There have been times when I've genuinely felt sorry for the Frenchman. There have been times when the look of frustration on his face has been one that, even for this Chelsea fan, has brought out a heartfelt (if slightly condescending) "awwww....!".

Yesterday's win over Tottenham was an important and welcome result for him, and the footballing neutral will hope that Arsenal will kick on following it, and that Tottenham will rebound from a result that was as much about dented pride as points dropped against their fiercest rivals.

But the repeated failure by Arsenal to do any meaningful business in the transfer market during this latest transfer window may continue to prove a further drain on the club's reputation. It's one that has been resembling a very slow car crash, one involving a small hatchback driven by a little old lady which appears to lose control and hit a tree - slowly and non-fatally, but causing enough damage to put the car in a garage for a month of expensive repairs. Well, at least they have £11 million to pay for them.


  1. Why are you guys in England always focusing so much on big names or expensive signings?

    Arsenal is one of the few teams deliberately not spending crazy amounts of money on (mediocre) players. All the players Spurs bought are a bit of a gamble. Chelsea is only buying big names Roman knows from television. Again. Man City I don't even want to talk about anymore.

    Liverpool... sometimes I see a glimpse of a vision there.. they at least have a focus on buying some (british) young and promising players. Oh.. that was the club of the Carrol 40m transfer???? People should have gone to jail for that.

    Will Bale be one of the very few britisch players who will be succesful abroad? Big question mark. PSG and Monaco are just buying big names they know from television.

    So why is Arsene Wenger criticized for not copying the behavior of the money teams? The big spenders don't win big trophies (except lucky Chelsea once the CL), they do block the growth of young domestic players and maybe even more important... they play awful football.

    I have been watching Man U - Chelsea last week, that was really terrible! More boring than an average mid-table serie A clash.

    Arsenal, together with Barcelona en Bayern Munich, have the right philosophy and strategy to become succesful. Financial Fair Play will work in the end. It will make Chelsea, Man City and the French clubs disapear again from the European podium. Hopefully already within a few years.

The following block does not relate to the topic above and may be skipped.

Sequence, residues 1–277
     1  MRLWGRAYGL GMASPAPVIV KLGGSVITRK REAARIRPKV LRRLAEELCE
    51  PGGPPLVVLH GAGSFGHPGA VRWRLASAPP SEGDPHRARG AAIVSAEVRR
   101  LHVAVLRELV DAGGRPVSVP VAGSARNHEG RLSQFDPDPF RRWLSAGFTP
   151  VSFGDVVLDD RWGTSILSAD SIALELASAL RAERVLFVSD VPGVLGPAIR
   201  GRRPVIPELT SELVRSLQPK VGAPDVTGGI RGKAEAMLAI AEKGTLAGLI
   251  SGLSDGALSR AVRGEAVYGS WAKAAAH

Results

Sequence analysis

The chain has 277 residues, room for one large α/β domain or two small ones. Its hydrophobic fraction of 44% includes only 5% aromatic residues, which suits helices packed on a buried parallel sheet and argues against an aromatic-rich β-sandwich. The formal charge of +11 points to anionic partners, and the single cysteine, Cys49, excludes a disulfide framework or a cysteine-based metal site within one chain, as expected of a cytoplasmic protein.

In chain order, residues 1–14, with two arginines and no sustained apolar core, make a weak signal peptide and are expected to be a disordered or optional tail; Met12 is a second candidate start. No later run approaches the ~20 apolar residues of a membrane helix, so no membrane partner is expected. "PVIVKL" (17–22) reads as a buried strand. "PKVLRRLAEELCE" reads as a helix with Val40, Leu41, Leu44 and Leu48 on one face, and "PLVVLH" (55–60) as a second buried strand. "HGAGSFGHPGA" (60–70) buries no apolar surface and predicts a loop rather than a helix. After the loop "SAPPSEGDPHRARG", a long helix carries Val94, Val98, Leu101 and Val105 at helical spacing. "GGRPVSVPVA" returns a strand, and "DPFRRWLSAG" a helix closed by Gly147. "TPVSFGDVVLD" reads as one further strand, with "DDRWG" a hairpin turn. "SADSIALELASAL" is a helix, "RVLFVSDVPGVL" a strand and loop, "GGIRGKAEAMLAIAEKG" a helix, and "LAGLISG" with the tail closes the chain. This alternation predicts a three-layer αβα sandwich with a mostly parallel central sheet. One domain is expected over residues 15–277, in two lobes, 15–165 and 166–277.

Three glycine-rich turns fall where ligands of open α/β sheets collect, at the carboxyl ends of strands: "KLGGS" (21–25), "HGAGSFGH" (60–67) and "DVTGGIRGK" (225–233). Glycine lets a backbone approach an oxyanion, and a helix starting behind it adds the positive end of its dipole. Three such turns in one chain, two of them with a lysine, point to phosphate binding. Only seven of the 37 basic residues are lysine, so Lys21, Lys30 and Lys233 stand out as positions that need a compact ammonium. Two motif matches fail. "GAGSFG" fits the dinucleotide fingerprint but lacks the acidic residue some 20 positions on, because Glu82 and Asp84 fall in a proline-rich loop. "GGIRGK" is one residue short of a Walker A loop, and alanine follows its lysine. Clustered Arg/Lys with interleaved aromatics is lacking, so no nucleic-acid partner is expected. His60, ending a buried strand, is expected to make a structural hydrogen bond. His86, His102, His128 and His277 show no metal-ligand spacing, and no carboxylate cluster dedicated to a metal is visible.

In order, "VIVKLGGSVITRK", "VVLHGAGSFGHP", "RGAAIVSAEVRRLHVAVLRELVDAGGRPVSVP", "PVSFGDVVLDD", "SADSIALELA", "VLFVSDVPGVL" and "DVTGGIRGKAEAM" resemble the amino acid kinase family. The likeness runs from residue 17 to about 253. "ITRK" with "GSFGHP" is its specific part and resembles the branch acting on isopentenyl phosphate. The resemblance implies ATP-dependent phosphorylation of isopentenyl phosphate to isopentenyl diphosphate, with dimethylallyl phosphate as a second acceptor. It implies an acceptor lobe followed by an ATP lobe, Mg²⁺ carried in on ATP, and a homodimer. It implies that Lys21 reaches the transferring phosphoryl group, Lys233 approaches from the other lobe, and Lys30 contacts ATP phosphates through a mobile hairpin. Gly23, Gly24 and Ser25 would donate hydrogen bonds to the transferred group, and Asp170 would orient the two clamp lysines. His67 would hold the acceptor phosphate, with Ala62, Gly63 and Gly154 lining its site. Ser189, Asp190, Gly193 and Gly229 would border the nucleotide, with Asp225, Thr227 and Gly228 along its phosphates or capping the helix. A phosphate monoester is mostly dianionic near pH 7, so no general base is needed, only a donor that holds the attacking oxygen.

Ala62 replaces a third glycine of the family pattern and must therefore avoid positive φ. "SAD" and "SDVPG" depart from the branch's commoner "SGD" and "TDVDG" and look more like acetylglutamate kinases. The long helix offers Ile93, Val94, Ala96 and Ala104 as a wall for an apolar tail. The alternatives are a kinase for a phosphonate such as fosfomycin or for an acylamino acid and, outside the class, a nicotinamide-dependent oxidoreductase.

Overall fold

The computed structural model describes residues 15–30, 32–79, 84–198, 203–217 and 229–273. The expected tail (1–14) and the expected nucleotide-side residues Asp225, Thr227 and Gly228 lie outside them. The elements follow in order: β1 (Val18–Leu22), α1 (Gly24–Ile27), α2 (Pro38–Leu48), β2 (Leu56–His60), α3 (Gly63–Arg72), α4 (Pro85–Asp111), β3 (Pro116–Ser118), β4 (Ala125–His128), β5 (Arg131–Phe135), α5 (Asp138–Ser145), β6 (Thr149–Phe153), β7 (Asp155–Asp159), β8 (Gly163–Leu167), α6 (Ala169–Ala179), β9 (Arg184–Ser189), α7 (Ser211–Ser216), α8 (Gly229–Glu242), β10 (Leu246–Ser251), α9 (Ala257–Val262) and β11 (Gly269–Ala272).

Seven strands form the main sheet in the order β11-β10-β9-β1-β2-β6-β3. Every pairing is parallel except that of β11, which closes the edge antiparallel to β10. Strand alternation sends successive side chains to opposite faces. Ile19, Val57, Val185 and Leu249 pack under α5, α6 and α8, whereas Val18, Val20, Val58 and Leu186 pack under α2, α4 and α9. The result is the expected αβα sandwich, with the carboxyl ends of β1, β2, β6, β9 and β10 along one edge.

I think that Arsenal is the club of the future in England. They might dominate the Premier League the next decade.

  2. Well, we'll now see - they've tied up Ozil for £42.4m. That's a significant spending acceleration from zero! Could be a good buy, too. Question is, is one marquee signing enough to give them the edge they need to win trophies? The lack of spending isn't the measure of Arsenal - it's the lack of achievement over the last decade, after two decades of being the only challenger to Manchester United. That's where they've lost their way, not just because Wenger has chosen his own peculiar form of austerity.

  3. How do you think Ozil will fit into Wenger's system?

  4. Good question: Ozil's a playmaker, and his assists were key to Madrid under Jose. The big question is who will he feed at Arsenal?

  5. @Chip 4-2-3-1 Left wing Carzola, Ozil free role behin Giroud and Walcott from the right. If RvP stil lwould have been an Arsenal it would have the perfect attacking four. :-)

    I agree that in the end it's all about trophies.. But football is more than that. Bayern Munich, Barcelona and Dortmund are teams playing exciting attractive football, with a lot of young and local players. That's the future of football.

    Arsenal has the potential to be part of that, liek I said before (although defence still looks a bit insecure). Other English teams just seem to be addicted to spending money on big names. They don't grow, they buy and play without a vision, it all seems a bit old fashioned.

    How is it possible that Man u won the league last year? The Midfield is really, really weak. Why is Chelsea, with all those talented players, giving the possesion (and the initiative / control) completely away in big matches? For years!

    Arsene Wenger should have won more prizes the last ten years, true. He bought way to many (mediocre) French players, more domestic youth players should have made to the first team and the team seems to have missed a few experienced british key players like Man U always had.

    But it's not a mistake that he didn't spend hilarious amounts of money on people like Fernando Torres, Andy Carrol (hahaha), Juan Mata, David Silva, Robinho, Fernadinho, Dzeko, Ramires, Oscar, Ballotelli, etc. etc. He should be praised for that.